Sexual Myths and Your Relationship
Myth #6: For a good relationship you should have sex X times per week/month/year.


Our Obsession with Counting

Ever since Kinsey's landmark studies of American sexual practices, we've been obsessed with counting - number of partners, frequency of sexual intercourse, how many seconds until orgasm, how many orgasms. And with this comes the belief that there is some canonically correct "way to do it", a magic formula that, if met, guarantees sexual satisfaction to all.

This persistent demand that sex somehow be broken down into its simplest tangible components paradoxically leaves the puzzled practitioner less satisfied.

Quality of Sex Is More Important Than Quantity of Sex

Gina Ogden's wonderful book The Heart and Soul of Sex critiques this American fetish of wanting to count everything. She points out that it is the quality of sexual experience that matters far more than the quantity of various acts -- the ineffable quality of a lover's touch upon one's body, the spiritual powers that are unleashed in sexual alchemy as two lovers play together.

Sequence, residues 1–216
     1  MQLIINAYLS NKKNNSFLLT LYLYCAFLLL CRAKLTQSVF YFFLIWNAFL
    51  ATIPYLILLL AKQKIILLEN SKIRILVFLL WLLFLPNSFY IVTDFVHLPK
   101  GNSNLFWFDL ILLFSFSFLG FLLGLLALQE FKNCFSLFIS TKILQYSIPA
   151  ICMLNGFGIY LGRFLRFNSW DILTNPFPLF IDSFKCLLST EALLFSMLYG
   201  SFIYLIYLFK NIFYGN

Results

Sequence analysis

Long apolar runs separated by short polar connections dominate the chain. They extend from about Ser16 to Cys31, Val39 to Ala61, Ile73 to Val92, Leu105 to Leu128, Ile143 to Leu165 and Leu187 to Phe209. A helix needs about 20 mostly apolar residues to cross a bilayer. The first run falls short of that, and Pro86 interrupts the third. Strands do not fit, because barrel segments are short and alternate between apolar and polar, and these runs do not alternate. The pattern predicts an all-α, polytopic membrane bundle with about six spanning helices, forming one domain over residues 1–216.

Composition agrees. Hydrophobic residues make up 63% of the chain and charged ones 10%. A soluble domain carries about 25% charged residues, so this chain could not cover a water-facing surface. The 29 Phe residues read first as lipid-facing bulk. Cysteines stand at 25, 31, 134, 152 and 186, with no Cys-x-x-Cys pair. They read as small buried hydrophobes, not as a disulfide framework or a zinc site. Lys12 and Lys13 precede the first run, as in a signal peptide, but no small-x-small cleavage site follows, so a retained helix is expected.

With regard to the perennial question of frequency of sexual contact between partners: it's the interesting challenge that every intimate partnership faces. Rarely do two long-term lovers experience sexual desire at exactly the same moment. It's also likely that these same two partners experience hunger -- or fatigue -- on different schedules as well. But it seems easier to negotiate the mutual satisfaction of those needs, perhaps because we're more practiced at discussing them openly and calmly, and take it less personally.

Obsessing about "what's normal" dismisses the reality of the complexity of human sexuality. There is no normal! What matters is that sexual interaction be completely consensual, the delightful result of two adults discovering how to dance their sexual and sensual dance together. It's entirely likely that that may be different each and every time.

« Previous Myth #5: Talking about sex takes the romance away

Next Myth #7: It's best to find what works in sex, and stick to it »

Return to Menu of Sexuality and Sex Therapy Articles »